Authenticity is a tricky thing. I think perhaps we're too willing to assume authenticity just because the author has some sort of connection to the experience. Homer, after all, didn't seem to have known how the Greeks fought in the Bronze Age. If a Trojan War veteran read Homer, he'd probably angrily point out all the inaccuracies. And yet, The Iliad is true to so much of what matters about war. I think it's less about what you've experienced than it is about how honestly and rigorously you try to approach your subject. Tolstoy was able to write authentically about war for the same reason he was able to write authentically about the inner life of a woman having an affair—because he was a great artist with insight into human beings. 

That said, you've got to do your research. There have been a couple books in the last couple years with almost comical misrepresentations of the military by authors who wanted to talk about Iraq, but clearly didn't want to do the hard work of learning enough about the subject to have something worth saying.


RR: Redeployment concludes with an extensive set of acknowledgements, including a long reading list of texts you consulted in order to write this book. Can you tell me about your approach to research and how you go about selecting books that will help inform your work and process?

PK: At first I would just read anything that caught my interest. As an idea would begin to coalesce in my mind, I'd search out things that would help enrich my understanding of the subject. So, before writing about a foreign service officer I read a memoir by one who'd served in Iraq, a fairly wonky book about career diplomacy, a lot of Special Inspector General for Iraq Reconstruction reports, and so on. I also read a Czech World War I novel that seemed appropriate to gear me up, in terms of tone, and I talked to Civil Affairs soldiers and Foreign Service Officers, and I read a lot of journalism.

Not everything I read was about war. Bernanos’s Diary of a Country Priest and Edward P. Jones’s The Known World and Nathan Englander's short stories, for example, were all very helpful at different points for different stories. 


RR: How so?

PK: Well, the setting’s different, but the basic issues Bernanos’s priest struggles with are not so different from those my chaplain faces in “Prayer in the Furnace.” Jones is brilliant for a lot of reasons, but in particular that book has an amazing understanding of the choices people make within the sometimes-brutal structures of their worlds. Ditto with Nathan Englander's stories, which are also a class in how to structure something incredibly complicated and make it look seamless. 


RR: Speaking of those whose work does wonders for our research, I am always fascinated by the idea of “entry points”—the points at which a writer comes to storytelling. When do you first remember being immersed in the world of telling stories, and what was the first book you truly loved and that has stayed with you throughout the years?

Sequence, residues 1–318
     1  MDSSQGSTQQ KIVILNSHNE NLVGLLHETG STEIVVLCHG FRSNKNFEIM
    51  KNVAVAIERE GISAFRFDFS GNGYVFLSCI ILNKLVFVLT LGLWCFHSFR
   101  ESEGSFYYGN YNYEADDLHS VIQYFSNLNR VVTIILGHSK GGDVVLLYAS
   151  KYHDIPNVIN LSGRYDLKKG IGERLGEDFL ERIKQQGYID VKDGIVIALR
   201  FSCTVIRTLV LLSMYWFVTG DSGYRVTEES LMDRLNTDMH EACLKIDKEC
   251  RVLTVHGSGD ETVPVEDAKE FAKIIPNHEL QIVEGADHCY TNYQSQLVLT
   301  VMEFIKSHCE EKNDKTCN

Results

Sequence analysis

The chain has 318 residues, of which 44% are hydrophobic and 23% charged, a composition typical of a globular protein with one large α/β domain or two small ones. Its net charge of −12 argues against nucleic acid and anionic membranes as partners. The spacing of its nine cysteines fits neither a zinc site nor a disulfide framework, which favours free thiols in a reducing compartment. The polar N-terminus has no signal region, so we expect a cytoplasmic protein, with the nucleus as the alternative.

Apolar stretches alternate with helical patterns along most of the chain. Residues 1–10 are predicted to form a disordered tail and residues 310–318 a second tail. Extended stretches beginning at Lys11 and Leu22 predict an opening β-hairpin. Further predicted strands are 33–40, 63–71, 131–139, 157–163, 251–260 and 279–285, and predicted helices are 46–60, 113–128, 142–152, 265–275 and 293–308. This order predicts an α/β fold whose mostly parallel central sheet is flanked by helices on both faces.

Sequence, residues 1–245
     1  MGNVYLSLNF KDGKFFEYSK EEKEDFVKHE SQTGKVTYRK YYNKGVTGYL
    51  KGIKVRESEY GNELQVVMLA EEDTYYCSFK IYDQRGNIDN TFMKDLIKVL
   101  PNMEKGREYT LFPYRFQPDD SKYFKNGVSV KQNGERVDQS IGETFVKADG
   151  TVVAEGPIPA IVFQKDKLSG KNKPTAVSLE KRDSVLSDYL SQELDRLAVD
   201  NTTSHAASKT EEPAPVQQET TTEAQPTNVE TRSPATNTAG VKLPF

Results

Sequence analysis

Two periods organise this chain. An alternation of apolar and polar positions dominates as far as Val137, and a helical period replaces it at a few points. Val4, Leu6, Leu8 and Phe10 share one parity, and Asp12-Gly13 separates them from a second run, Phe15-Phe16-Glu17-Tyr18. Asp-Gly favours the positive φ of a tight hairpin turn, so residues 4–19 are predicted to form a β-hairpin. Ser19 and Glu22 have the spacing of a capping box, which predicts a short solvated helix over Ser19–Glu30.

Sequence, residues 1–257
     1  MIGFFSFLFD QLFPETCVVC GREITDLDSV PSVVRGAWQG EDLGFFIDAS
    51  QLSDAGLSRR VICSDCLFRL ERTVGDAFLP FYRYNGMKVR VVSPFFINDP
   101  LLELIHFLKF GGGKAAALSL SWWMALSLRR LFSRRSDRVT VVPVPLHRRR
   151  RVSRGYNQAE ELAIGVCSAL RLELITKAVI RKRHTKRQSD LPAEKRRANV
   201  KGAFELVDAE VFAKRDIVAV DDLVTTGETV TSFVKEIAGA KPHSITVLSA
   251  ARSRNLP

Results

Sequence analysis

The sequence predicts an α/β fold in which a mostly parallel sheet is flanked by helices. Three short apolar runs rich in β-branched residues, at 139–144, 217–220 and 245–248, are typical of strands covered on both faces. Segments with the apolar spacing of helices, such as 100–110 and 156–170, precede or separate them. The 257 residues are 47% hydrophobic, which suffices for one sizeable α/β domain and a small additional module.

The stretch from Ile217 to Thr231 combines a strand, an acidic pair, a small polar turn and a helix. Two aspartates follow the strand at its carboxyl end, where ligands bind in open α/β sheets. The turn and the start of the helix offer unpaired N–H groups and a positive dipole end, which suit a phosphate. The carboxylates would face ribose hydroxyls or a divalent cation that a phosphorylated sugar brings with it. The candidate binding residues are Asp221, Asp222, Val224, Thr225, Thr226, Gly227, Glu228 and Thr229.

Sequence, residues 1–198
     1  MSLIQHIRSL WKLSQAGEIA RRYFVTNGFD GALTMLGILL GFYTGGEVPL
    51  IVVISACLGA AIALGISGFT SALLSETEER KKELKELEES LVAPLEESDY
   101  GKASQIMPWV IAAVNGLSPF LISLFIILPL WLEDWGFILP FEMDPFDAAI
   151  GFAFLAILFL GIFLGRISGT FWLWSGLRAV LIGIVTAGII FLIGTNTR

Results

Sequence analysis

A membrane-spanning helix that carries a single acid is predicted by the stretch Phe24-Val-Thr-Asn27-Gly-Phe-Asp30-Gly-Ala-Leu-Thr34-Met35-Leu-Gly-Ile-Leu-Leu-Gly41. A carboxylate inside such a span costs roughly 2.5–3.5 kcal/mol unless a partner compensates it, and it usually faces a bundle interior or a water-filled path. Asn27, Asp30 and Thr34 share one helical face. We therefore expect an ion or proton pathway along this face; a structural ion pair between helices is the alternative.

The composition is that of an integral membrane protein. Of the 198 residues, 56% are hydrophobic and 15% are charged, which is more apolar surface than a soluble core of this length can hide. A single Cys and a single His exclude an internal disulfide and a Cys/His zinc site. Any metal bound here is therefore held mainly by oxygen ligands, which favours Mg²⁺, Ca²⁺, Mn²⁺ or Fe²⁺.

PK: Roald Dahl's The BFG is probably the first book I loved. My parents read it to me and my brothers when we were little, and pretty much anything by Dahl we just loved. That, and Shel Silverstein's poetry. As a kid, I also used to sit in this claw foot tub we had in our house and I'd read Edgar Allan Poe. As far as books that have really stayed with me, I was introduced to Shusaku Endo’s Silence in high school, and I actually gave that book to one of my Marines in Iraq.  


RR: How’d he feel about it?

PK: That Marine really liked Silence, and passed it on.


RR: From your experience, do Marines tend to trade books around? Or was that more so something personal you did?

PK: Some Marines are readers. But I was always passing my guys writing I admired, particularly good journalism. In a public affairs shop, that's just part of the job. 


RR: So what inspires you to write? I like to ask this question, because the answer is often surprising. It’s not always another writer or set of books. Some will say music. For me, it’s so often films, or, because I live in San Francisco, city-specific things, like long walks through hilly neighborhoods or listening to the foghorns at night.

PK: Conversations with friends. For me, writing is very much about being part of a dialogue. There's a German philosopher, Peter Sloterdijk, who talks about books as "thick letters to friends," which is a notion I like very much. If I write something, it's because of ideas I've previously been talking to friends and to my wife about, ideas that they've helped me develop through conversation. And while writing I'm constantly sending work to friends or having my wife read it in order to get feedback. 


RR: It’s been an exceptional year for books, and you’re in fantastic company with your fellow National Book Award nominees. What have you read this year that has really bowled you over, that has brought you to your knees?

PK: I found Matthew Thomas’s We Are Not Ourselves to be an incredibly beautiful, moving book. He worked on it for ten years, and it's just one of those big, sweeping novels you get utterly absorbed in. Early on, I reached the tipping point and started canceling plans to do anything except read. Scott Cheshire's High As The Horses' Bridles was a profound, generous, spirited book. Karen Russell's Sleep Donation is, like much of her work, a wild trip, and it dealt really brilliantly with a lot of themes that are important to me. And it's funny. 


RR: When I got to the last page of Redeployment, I became a bit mournful, not because the final story left me gutted (though it did, in its own way), but because I immediately wanted to move on to the next thing you wrote. What’s in the cards?

PK: I'm slowly working on a novel. We'll see how it turns out. 

 

Rebecca Rubenstein is a writer and editor based in San Francisco. She is the editor-in-chief and co-founder of the literary magazine Midnight Breakfast, and was formerly the interviews editor of The Rumpus and a contributing editor for STET. You can find her on Twitter: @rrrubenstein.